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Progression of HIV-Disease Under Low Dose Corticosteroids

Information source: Medical Mission Institute, Germany
ClinicalTrials.gov processed this data on August 23, 2015
Link to the current ClinicalTrials.gov record.

Condition(s) targeted: HIV Disease Progression

Intervention: Prednisolone (Drug)

Phase: Phase 2

Status: Completed

Sponsored by: Medical Mission Institute, Germany

Official(s) and/or principal investigator(s):
August HR Stich, MD MSc, Study Director, Affiliation: Medical Mission Institute, Würzburg, Germany

Summary

There has been reports that low dose prednisolone stabilizes CD4-counts in HIV infected individuals. However, until now, there are no prospective randomized studies on the use of corticosteroids in latent HIV disease. Furthermore, low dose prednisolone (5 mg/d) is not sufficient tested for the risks and benefit for HIV patients especially for those living in poor settings with a higher risk of infections. This study will assess the benefit and the safety profile for low dose prednisolone therapy for patients in a region with limited resources and high prevalence of infections.

Clinical Details

Official title: A Phase II Clinical Trial to Assess Risk and Benefit of Oral Low Dose Prednisolone for HIV Infected People Prior to the Commencement of Antiretroviral Treatment

Study design: Allocation: Randomized, Endpoint Classification: Safety/Efficacy Study, Intervention Model: Parallel Assignment, Masking: Double Blind (Subject, Caregiver, Investigator, Outcomes Assessor), Primary Purpose: Treatment

Primary outcome: Time to progression of HIV disease

Secondary outcome:

stabilisation of CD4 count

Overall survival

Quality of life

Rate of co-infections

Immune activation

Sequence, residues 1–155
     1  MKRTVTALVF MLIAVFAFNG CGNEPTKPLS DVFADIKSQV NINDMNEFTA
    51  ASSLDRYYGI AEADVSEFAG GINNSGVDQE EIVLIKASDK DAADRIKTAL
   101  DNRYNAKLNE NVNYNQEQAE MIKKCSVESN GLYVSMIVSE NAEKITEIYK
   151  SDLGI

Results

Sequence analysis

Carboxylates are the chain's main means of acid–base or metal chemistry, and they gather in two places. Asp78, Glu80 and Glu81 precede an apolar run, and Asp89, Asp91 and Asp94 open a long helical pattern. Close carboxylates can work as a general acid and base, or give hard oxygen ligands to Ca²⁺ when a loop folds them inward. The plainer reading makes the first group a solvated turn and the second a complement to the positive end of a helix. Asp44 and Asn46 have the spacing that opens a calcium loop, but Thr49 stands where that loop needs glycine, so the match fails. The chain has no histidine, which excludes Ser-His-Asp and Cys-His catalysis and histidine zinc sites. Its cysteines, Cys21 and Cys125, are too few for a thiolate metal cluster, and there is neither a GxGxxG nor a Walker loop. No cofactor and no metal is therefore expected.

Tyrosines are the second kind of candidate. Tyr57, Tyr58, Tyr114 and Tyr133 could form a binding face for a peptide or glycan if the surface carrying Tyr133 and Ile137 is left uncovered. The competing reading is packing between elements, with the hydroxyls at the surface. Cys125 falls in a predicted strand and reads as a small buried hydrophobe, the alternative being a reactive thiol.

Detailed description: 1. INTRODUCTION 1. 1 BACKGROUND For treatment in advanced HIV infection, combination therapy with antiretroviral drugs (ARVs) is the best option under current international standards. The benefit of ARVs is best, if they are used relatively late in the course of the disease, commonly after a progression of years. However, under a global perspective, more than 90% of those who need ARVs world-wide have no access to them. ARVs are not used in early stages of infection without significant immunodeficiency. Although a variable degree of immunodeficiency may be present even in early HIV disease, there is no established treatment for this phase. Immunodeficiency is associated with a decline of a certain population of lymphocytes, the CD4 cells or T-helper cells. It seems to be a useful concept to postulate that a treatment which slows down this loss of CD4 cells could also slow down the progression of HIV disease. In vitro findings and clinical studies showed a CD4 cell stabilizing effect of corticosteroids. First clinical studies were based on relatively high dosages (Andrieu JM 1995, LU W 1995, Andrieu JM 2004,). These are hardly justifiable for a longer time, because of numerous side effects, e. g. immunosuppression of the cellular immune system, the manifestation of diabetes or the Cushing syndrome. In 2005 Ulmer et al. reported in a mono-centric open label study a CD4- stabilizing effect under the administration of low dose prednisolone (5 mg/d) (Ulmer A 2005). Patients with more than 300 CD4 cells/µl were included. After two years the 28 patients on treatment presented 176. 1 more CD4 cells than those of 62 control patients in comparison to their baseline counts (p 0. 0009) and after three years the 15 patients on treatment presented 236. 2 more CD4 cells/µl than those of 33 control patients in comparison to their baseline counts (p = 0,0021). The initiation of treatment with the more expensive and toxic ARVs was delayed. Based on this study and an increasing amount of experience by Ulmer and others, it seems to be justified to systematically investigate the effect of low dose prednisolone on the progression of HIV disease. The costs of 5 mg prednisolone per day is in a range of 3 US $ per year (Action Medeor). If it turned out that low dose prednisolone prolongs the period until ARVs become indicated without imposing intolerable risks on the patient, this approach could be a very attractive future option for countries with health systems in resource-poor settings. 1. 2 RATIONAL FOR THE STUDY Until now, there are no prospective randomized studies on the use of corticosteroids in latent HIV disease. Furthermore, low dose prednisolone (5 mg/d) is not sufficient tested for the risks and benefit for HIV patients especially for those living in poor settings with a higher risk of infections. This study will assess the benefit and the safety profile for low dose prednisolone therapy for patients in a region with limited resources and high prevalence of infections. 1. 3 SITE DESCRIPTION The study will be conducted at the Bugando Medical Centre in Mwanza, Tanzania. 2. STUDY OBJECTIVES 2. 1 PRIMARY The primary objective of the study is to assess the effect of the low dose prednisolone therapy on the time to progression of HIV disease. The time to progression is defined as the time between the baseline and the change of staging to advanced disease (CDC stage A3, B3 or C) or death (see Appendix Va). 2. 2 SECONDARY The following secondary objectives will be evaluated in the same patient population: